|Nineteen-year-old Christy Huddleston leaves her home to be a school teacher for a mission in the fictional village of Cutter Gap in the Appalachian mountains of Tennessee. She soon learns how hard life is in the poverty-stricken community.|
|3||3||"Lost and Found"||Michael Rhodes||Pamela K. Long||April 7, 1994|
|Christy wishes to start a hygiene program with the help of Doctor MacNeill. David tries to woo Christy and is seen by a parent. Rob, a student at the school, is upset when his father wants him to leave school to work with him. While he is walking in the woods, Little Burl follows him and gets lost.|
|4||4||"Both Your Houses"||Michael Rhodes||Patricia Green||April 14, 1994|
|Christy is upset when Opal’s baby dies from ignorance. The feud between the Taylor’s and Allen’s worsens. The children practice the play Romeo and Juliet. Christy hopes that the play will teach the children about the consequences of feuds.|
|5||5||"A Closer Walk"||Michael Rhodes||Dawn Prestwice and Nicole Yorkin||April 21, 1994|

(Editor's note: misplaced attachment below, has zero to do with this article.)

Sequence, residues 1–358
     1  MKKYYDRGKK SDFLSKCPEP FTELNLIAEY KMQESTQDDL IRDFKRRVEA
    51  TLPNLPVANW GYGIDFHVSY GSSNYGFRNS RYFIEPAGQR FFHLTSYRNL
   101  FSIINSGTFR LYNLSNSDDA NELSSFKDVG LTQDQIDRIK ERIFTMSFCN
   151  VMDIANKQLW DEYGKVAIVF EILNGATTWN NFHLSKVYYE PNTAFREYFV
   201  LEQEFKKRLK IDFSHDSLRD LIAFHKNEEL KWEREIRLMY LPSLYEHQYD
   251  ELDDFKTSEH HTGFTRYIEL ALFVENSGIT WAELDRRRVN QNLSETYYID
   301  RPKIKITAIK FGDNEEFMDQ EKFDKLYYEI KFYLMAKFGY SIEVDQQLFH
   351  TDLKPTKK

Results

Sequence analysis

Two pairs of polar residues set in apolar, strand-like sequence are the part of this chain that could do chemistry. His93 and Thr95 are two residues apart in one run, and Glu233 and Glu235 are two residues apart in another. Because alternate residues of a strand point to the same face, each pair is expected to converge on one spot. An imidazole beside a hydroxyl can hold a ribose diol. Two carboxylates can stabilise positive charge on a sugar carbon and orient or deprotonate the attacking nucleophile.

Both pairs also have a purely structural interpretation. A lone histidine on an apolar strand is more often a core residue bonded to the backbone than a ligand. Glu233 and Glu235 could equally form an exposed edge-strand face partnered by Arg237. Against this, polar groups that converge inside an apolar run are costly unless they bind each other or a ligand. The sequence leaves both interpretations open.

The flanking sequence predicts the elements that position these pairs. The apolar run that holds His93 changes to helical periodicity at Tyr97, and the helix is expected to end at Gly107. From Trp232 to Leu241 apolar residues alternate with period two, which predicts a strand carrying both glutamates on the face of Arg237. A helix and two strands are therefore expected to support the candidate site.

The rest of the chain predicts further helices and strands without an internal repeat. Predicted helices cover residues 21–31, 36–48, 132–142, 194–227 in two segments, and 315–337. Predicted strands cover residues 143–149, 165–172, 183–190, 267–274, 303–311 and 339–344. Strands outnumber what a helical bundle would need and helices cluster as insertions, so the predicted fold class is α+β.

|David tries to fix up the school with the help of volunteers but pushes some of them a little too far. Christy teaches Fairlight to read. David is tested on whether he has enough faith. The oldest living resident needs David because she is dying but he resists at first.|
|6||6||"Judgment Day"||Michael Ray Rhodes||Tom Blomquist||April 28, 1994|
|A new telephone line causes an accident in which Alice gets hurt. Christy receives supplies/donations from her home town. The mission director surprises them with a visit and is not pleased with some of Christy’s ways. Alice shares a secret with Christy about having a daughter who passed away.|
|7||7||"Eye of the Storm"||Michael Ray Rhodes||Pamela K. Long & Patricia Green||May 5, 1994|
|Dr. MacNeill helps Christy with teaching the Children science. Fairlight begins working at the mission while her husband is away. Miss Alice seems angry at Christy but for what reason? Dr. MacNeill gets a job offer in Baltimore. Christy finds Becky, a student, with a terrible eye infection. A storm keeps Becky and Christy at Dr. MacNeill’s for the night. Dr. MacNeill shares the story about his wife, Margaret (Alice’s daughter).|